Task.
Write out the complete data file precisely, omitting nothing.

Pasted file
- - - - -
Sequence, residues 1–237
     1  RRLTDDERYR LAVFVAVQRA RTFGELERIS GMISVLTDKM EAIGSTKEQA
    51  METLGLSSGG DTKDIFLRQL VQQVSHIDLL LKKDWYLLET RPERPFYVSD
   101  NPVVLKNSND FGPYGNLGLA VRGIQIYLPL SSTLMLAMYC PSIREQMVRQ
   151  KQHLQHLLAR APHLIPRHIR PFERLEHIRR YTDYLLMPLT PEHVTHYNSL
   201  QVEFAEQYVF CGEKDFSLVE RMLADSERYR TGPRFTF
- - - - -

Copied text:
Sequence, residues 1–237
     1  RRLTDDERYR LAVFVAVQRA RTFGELERIS GMISVLTDKM EAIGSTKEQA
    51  METLGLSSGG DTKDIFLRQL VQQVSHIDLL LKKDWYLLET RPERPFYVSD
   101  NPVVLKNSND FGPYGNLGLA VRGIQIYLPL SSTLMLAMYC PSIREQMVRQ
   151  KQHLQHLLAR APHLIPRHIR PFERLEHIRR YTDYLLMPLT PEHVTHYNSL
   201  QVEFAEQYVF CGEKDFSLVE RMLADSERYR TGPRFTF